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Eternal Law

Activity and Experience

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kali.jpg

kAli mAtA
(Mother Kali)

yA devi sarva bhUteSu vRttirUpeNa saMsthitA
namastassai namastassai namastassai namo namaH


Again and again I bow to the devi who abides in all beings as activity (i.e., change or transformation).

Workings of karma in dharma kshetra or field of Law can be expressed, as we saw earlier, by a simple equation:

(Impressions, Intentions, Karma)1 + Actions + Experiences ===> (Impressions, Intentions, Karma)2

I also described karma as our interaction with the field. When we perform any activity we are exerting our will on the field. Field has a way of responding to our to our activity. What it feeds back to us is our experience. Above equation shows that activity as well as experience change our karmic state. Both activity and experience are important and neither should be ignored.

Importance of activity is appreciated by most people today, but many tend to ignore experience. We learn from our experience more so than from activity. It is easy to overlook experience because when we act, we are most often concerned solely with the consequences our actions produce in the material plane. Each experience ignored is a missed opportunity to learn.

We can think of the contents of our profile as our capital. The larger the profile, greater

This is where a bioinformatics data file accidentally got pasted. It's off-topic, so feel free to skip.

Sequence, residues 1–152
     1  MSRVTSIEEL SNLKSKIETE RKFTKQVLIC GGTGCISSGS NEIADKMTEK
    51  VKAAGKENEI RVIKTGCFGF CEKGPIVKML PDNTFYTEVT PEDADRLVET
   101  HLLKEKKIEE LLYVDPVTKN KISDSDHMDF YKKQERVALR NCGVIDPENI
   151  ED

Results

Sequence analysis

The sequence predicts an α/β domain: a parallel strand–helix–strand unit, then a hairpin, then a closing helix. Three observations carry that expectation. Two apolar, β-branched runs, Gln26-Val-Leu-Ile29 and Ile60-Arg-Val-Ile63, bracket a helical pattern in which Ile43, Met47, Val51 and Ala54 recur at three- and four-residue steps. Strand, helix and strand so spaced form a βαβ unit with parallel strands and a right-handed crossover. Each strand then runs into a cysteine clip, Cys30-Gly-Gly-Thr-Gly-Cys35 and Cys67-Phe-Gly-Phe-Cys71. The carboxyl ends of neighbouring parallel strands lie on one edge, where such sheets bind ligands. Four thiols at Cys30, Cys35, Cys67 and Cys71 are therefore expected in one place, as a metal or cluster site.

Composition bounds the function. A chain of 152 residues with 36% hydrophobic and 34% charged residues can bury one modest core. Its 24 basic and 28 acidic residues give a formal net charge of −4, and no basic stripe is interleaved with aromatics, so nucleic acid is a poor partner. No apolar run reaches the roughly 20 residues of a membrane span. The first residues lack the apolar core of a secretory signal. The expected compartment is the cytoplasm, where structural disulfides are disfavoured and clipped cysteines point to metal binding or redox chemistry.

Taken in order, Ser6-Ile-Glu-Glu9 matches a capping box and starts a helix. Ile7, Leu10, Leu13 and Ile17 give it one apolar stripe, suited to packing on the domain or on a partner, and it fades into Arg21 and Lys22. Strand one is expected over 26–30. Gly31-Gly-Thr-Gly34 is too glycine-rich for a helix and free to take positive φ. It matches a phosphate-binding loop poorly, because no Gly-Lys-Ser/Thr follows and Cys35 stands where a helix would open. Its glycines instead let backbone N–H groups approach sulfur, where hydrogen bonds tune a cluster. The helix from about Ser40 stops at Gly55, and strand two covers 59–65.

our capital. Our personality profiles represents our potential to make our mark in dharma kshetra. More often than not, when we are performing activity, we are using up some of that capital. We can make up for the used up capital by learning from experience. Experience actually broadens our personality profile when we learn from experience.

Since karma is about our interaction with the field, we must always be mindful of how we perform our actions in the field. This is not easy as it is hard to fathom karma. What makes karma complicated? Karma is all-encompassing! I think karma is hard to understand precisely because it is all-encampassing. It applies to everything in the universe. Our  intellect has limited reach if we are an average human being. Not that it has to be this way. The way to understand karma is then to expand our intellect.This is the innermost sheath of the subtle body. But from where ever we stand, it always pays to make every effort to understand karma.

Ordinarily karma is thought of as something arising out of our interactions with others. This is therefore a good place to start. We all know or learn soon enough what happens when we deal with others. But what we know and learn is usually and mostly limited to what happens in the material or physical plane. And for most people, all our actions are motivated by desire to gain the most advantage on the material plane.

Most people do not seem to be aware that our actions also have consequences in the inner world - the world of dharma kSetra or for an individual, his subtle and causal bodies. But this is really where ancient writers on karma have concentrated. Thus when bRhadAraNyaka upaniSad says: "according as one acts, according as one conducts himself, so does he become. The doer of good becomes good. The doer of evil becomes evil. One becomes virtuous by virtuous action, bad by bad action.", it is referring to the effect of our actions, not others, but on ourselves.

Thus in a way, karma is concerned not so much with what we do, for its own sake,  but with what we become as a result of what we do. Everybody, with worldy knowledge can figure out the effects of our actions  in the material plane or the physical world, but very few seem even inclined to investigate how our actions change us. Yet this is what really matters and this is what real growth is essentially all about.

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